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Sexton and O’Gara meet again: GPA expenses dispute resolved

The Morning Sports Briefing: Keep ahead of the game with ‘The Irish Times’ sports team

No one in their right mind would claim that anything other than Leinster's superiority on the day was behind their sizable victory over Toulouse on Saturday. Still, there is the lingering impression that referee Karl Dickson did not endear himself to the French side. Owen Doyle in his column today is adamant that those who suggest the result was down to his performance could not be more wide of the mark, though he does think there is an argument to be had about a controversial incident involving Jack Conan in the second half: "Conan's little take out of Romain Ntamack was clever, but he should not have been allowed to get away with it - Dickson considered it play-on. If it had been done to Johnny Sexton the crowd would have justifiably howled for a penalty." One of the great rivalries of Irish rugby gets another instalment on May 28th: Johnny Sexton vs Ronan O'Gara. The two are good friends at this stage, but still, that wasn't necessarily the case and their story is nonetheless fascinating. Gerry Thornley details their history of clashes.

The row between the GAA and the Gaelic Players' Association is over - for now at least. Their dispute was one largely over player expenses, the GPA's issue being what they saw as a failure to return to pre-pandemic entitlements once Covid restrictions were limited. Seán Moran explains what this resolution means for the dispute. "The Tailteann Cup will be live on TV. That matters. It won't sell out but local support would help. There are some smashing teams involved and it is wide open - an attraction that the senior All-Ireland cannot offer until the quarter final stage" - Kevin McStay is clearly a fan of the Tailteann Cup, the draw for which took place yesterday. It's by no means a perfect competition, but it has its perks over a limited championship campaign for so many teams, the hope is though that county boards don't kill it due to their attachment to traditional structures.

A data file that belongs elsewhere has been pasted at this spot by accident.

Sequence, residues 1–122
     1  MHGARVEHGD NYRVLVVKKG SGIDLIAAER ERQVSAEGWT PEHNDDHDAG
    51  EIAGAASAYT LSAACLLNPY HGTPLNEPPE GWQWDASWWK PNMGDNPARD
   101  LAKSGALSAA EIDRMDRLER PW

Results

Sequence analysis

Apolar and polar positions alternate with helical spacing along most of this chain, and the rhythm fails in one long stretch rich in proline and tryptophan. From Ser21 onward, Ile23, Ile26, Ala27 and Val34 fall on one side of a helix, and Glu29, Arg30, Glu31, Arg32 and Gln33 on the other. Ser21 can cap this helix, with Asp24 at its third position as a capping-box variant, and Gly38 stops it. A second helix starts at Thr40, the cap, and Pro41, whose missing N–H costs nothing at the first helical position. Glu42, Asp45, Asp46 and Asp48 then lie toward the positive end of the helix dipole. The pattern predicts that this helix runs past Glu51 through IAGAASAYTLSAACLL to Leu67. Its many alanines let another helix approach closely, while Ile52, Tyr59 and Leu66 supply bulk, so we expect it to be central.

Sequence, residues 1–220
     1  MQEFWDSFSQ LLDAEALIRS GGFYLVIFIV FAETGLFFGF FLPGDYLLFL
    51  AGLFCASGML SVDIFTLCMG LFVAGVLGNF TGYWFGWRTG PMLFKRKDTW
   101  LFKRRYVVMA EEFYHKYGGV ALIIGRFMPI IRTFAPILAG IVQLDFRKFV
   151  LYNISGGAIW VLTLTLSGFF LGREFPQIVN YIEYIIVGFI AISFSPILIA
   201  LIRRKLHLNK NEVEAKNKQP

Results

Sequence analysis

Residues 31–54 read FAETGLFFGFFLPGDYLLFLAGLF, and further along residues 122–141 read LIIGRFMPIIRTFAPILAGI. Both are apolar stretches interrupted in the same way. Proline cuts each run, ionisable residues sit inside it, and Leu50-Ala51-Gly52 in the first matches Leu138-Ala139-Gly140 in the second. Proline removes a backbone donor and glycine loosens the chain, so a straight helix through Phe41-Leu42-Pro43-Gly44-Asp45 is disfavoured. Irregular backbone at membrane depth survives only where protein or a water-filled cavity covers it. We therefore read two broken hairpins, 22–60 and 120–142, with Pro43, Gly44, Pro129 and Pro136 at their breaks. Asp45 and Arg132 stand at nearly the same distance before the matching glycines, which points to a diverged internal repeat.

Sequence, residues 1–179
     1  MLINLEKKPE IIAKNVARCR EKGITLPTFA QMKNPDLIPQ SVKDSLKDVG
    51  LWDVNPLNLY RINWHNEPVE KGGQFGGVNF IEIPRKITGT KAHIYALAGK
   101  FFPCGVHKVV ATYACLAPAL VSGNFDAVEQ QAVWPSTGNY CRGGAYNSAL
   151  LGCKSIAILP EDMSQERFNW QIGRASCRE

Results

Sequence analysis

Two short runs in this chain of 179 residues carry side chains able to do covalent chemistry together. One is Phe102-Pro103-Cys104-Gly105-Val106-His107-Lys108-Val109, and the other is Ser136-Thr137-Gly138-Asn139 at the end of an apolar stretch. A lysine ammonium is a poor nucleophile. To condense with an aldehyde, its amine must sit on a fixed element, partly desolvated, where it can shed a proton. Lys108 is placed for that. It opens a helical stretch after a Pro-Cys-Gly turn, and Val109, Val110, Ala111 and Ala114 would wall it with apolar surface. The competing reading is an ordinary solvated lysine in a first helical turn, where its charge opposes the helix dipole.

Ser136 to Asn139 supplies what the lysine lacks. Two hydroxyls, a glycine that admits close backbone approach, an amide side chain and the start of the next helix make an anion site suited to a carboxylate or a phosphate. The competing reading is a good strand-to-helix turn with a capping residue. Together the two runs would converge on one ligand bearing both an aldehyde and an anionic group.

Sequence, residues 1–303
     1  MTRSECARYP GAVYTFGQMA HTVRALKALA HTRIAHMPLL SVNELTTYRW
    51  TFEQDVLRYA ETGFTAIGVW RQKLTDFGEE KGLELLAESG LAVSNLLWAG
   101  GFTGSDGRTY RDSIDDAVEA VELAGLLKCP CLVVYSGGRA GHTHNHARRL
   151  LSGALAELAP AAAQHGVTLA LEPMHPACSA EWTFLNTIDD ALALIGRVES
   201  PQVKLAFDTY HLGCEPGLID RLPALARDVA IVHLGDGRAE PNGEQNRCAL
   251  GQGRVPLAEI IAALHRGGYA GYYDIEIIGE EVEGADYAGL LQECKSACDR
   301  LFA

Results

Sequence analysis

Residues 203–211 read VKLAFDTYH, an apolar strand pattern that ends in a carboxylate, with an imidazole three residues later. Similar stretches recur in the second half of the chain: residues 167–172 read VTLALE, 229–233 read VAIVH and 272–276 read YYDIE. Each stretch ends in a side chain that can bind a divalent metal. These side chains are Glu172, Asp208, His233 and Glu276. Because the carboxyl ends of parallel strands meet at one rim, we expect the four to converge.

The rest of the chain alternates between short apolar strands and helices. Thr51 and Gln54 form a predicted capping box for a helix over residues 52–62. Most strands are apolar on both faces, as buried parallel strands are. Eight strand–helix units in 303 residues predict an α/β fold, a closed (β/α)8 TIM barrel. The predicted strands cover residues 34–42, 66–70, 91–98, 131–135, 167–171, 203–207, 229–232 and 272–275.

Arsenal had their Champions League fate in their own hands. That is, until an abysmal result away to Newcastle has handed arch rivals Spurs the advantage - they are ahead of their North London rivals by two points with just one game to play in the battle for fourth. Arsenal now need to beat Everton on the final day of the season and hope that already relegated Norwich do them a favour and beat high-flying Tottenham. I'll let you decide how likely that sounds. In more positive news, Blackpool's Jake Daniels yesterday became the UK's first gay player to come out openly since 1990.

It was a busy day in boxing circles on Monday. First of all Minister of State for sport Jack Chambers tore into those at the IABA who leaked that now infamous document that criticised Bernard Dunne's leadership, labelling the unsigned communication a "disgrace". The Minister then added that the governing body of Irish boxing, the IABA, must make radical changes to the way the organisation is run or face "immediate and severe financial sanctions." Inside the ring, at the World Championships in Istanbul, both Amy Broadhurst and Lisa O'Rourke have secured bronze medals at the very least after reaching their semi-finals with victories on Monday.

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